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  • The Rev. Arianne Rice

Fifth Sunday after Epiphany


Luke 5:1-11

There is no part of your life that God is not in relationship with – whether you are aware of it are not. “God comes to us disguised as our life.” – Paula D’Arcy

Before I told a slightly different version of this story in chapel on Tuesday, Everly raised her hand with a question. She had a look on her face like her question might cause some trouble.

“Rev. Arianne, are these stories true?”

I love their questions, especially those. “That is a great question.” I said, followed by, “what do you think?”

She thought, smiled, and slowly nodded. “Me too.” I said

Then, because I couldn’t help myself and really wished I could just keep exploring this question with those children said, “You know, in a different story someone asks Jesus if what he says is true – and do you know how he answers? He doesn’t.”

That’s because the person asking the question is not in relationship with Jesus. You may remember Pontius Pilate asks Jesus about truth, wanting to know what it is. Jesus doesn’t try and answer because he can’t, they have no relationship and Pilate isn’t interested in one, he is interested in power, and holding onto it. Relationship with Jesus is all about letting go and letting God.

It’s about turning our lives over in a relationship that never ends, “I will with God’s help.”

This morning’s story ends with Jesus explaining that whatever truth Simon Peter, his brother, and any other would-be followers might find will be known through relationships. From now on you will be catching people, Jesus says. What is true comes through our relationship with others. The questions and explorations those relationships pose – just like, in a way – the relationship I have with children in chapel – or in church – or in any other part of my life – same is true with you.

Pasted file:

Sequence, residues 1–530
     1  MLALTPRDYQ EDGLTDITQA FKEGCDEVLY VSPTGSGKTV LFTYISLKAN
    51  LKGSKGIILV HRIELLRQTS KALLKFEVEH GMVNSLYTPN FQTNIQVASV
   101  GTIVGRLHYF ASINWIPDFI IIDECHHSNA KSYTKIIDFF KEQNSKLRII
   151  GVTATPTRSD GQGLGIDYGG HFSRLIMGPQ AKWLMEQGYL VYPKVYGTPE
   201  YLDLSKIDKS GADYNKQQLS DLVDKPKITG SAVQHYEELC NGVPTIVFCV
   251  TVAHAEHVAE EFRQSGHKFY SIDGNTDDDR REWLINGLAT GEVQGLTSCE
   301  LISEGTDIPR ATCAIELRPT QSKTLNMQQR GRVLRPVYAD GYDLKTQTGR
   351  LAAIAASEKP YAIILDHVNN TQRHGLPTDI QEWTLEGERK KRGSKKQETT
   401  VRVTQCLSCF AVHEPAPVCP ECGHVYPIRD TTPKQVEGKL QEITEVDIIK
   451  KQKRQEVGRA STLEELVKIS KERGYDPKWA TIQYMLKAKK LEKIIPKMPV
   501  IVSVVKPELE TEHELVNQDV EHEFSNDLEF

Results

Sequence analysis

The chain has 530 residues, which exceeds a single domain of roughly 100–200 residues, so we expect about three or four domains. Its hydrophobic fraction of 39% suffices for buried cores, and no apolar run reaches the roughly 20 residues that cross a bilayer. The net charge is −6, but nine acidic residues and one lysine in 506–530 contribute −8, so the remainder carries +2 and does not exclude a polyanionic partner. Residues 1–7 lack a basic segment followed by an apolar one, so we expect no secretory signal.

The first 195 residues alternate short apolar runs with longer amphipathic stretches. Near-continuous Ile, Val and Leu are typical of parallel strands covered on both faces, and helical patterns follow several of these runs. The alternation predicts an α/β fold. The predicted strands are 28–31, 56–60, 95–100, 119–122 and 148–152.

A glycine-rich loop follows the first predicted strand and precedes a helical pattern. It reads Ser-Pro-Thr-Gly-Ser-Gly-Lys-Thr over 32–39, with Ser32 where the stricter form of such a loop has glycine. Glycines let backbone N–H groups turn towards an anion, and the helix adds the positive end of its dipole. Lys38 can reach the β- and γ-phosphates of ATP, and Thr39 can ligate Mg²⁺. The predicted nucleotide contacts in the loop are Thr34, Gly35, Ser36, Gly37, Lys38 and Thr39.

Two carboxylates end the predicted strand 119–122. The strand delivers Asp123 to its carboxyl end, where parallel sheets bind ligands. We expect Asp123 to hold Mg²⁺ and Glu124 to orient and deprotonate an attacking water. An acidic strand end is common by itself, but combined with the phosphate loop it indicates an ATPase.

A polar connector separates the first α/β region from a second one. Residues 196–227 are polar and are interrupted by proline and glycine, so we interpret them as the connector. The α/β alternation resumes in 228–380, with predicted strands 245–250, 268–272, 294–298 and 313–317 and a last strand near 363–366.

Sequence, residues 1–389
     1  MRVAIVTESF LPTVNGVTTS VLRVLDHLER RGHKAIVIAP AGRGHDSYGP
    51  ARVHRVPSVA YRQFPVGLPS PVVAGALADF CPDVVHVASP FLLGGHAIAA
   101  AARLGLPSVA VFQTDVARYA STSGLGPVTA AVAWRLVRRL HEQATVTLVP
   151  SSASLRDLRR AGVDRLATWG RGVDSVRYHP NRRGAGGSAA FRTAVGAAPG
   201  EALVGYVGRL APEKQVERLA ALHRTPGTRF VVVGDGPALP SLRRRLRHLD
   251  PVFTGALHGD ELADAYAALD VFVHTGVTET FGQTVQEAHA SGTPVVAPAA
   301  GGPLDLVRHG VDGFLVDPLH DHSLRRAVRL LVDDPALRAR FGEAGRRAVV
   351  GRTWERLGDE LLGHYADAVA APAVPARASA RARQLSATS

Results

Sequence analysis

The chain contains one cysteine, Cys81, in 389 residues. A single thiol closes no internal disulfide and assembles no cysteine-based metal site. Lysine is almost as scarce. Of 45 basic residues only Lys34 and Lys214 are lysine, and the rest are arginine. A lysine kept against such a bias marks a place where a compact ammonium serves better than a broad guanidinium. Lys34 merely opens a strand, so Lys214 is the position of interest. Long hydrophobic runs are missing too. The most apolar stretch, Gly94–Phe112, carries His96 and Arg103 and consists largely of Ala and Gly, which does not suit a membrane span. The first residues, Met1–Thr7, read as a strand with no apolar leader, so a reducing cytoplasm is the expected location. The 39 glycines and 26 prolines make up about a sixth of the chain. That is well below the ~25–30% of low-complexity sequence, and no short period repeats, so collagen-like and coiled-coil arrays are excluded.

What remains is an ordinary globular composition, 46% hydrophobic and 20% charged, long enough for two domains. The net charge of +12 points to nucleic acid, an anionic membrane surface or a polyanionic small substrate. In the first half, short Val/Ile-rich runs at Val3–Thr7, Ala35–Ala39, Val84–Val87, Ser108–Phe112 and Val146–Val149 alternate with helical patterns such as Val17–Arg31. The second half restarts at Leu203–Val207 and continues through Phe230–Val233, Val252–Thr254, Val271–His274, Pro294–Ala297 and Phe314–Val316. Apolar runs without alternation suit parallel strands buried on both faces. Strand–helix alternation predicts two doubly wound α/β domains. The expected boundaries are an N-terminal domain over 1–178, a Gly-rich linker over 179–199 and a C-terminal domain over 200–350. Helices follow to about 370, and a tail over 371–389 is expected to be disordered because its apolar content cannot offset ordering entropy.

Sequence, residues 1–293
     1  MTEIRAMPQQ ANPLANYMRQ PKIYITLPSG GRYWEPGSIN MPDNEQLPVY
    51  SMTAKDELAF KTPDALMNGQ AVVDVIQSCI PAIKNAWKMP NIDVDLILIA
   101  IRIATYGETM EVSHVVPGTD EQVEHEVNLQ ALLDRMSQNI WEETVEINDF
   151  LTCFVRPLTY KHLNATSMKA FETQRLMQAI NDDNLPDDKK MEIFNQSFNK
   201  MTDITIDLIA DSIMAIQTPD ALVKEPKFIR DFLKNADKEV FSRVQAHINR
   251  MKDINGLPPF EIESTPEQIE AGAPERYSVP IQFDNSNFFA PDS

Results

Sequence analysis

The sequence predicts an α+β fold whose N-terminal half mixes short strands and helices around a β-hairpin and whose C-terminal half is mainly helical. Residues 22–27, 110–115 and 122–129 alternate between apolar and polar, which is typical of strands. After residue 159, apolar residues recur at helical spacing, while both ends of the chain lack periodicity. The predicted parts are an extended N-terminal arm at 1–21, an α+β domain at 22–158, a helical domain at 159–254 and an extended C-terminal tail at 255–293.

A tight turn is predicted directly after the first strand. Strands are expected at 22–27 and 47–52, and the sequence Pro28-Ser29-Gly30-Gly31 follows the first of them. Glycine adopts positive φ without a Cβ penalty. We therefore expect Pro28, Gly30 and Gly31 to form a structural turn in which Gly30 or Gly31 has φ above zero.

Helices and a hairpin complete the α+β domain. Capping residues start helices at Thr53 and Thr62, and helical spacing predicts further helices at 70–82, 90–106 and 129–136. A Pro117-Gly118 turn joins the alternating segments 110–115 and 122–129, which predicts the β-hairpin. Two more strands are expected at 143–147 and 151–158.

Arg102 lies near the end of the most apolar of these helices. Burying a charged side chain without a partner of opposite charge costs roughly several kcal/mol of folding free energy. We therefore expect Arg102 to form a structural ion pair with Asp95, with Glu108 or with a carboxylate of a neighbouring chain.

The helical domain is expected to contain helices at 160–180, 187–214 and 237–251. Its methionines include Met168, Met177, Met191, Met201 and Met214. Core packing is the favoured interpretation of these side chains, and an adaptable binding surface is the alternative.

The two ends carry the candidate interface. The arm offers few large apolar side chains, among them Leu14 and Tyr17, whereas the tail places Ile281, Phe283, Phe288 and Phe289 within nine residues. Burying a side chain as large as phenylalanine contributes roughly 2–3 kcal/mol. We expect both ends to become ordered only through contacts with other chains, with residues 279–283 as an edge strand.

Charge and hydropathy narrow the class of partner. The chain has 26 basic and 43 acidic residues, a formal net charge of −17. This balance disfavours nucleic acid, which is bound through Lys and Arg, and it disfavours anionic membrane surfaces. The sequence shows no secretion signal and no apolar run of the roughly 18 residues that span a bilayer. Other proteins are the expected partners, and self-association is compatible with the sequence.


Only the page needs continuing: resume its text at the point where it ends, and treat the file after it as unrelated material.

Truth in gospel stories always points to something lifegiving, liberating and loving – that’s what it’s good news. That’s what the good relationships in our lives give us too – good relationships with people – with work – with the outdoors – those relationships bring us life – we love who we are in those relationships.

Here are three of the loving, liberating and lifegiving truths my net has caught onto this week.

The first. I don’t know where in your life you are about to give up – but maybe don’t. Peter, Jesus says, put out into the deep water and let your nets down for a catch. Peter doesn’t want to. It’s a waste of time, been there done that. He fished all night long already and nothing.

But sometimes we hear the still small voice of God urging us again and again to keep going, keep trying, especially if it is something that will bring us life – that nourishes us and feeds us, literally like fishing, or feeds us in other ways, like vocationally, when we’re doing what we feel called to do.

Where do you feel like giving up? Not trying anymore? In the chapel version it says Peter tries again because Jesus asked him to and he wants to do what Jesus asks him to. Try again, Jesus says. Don’t give up.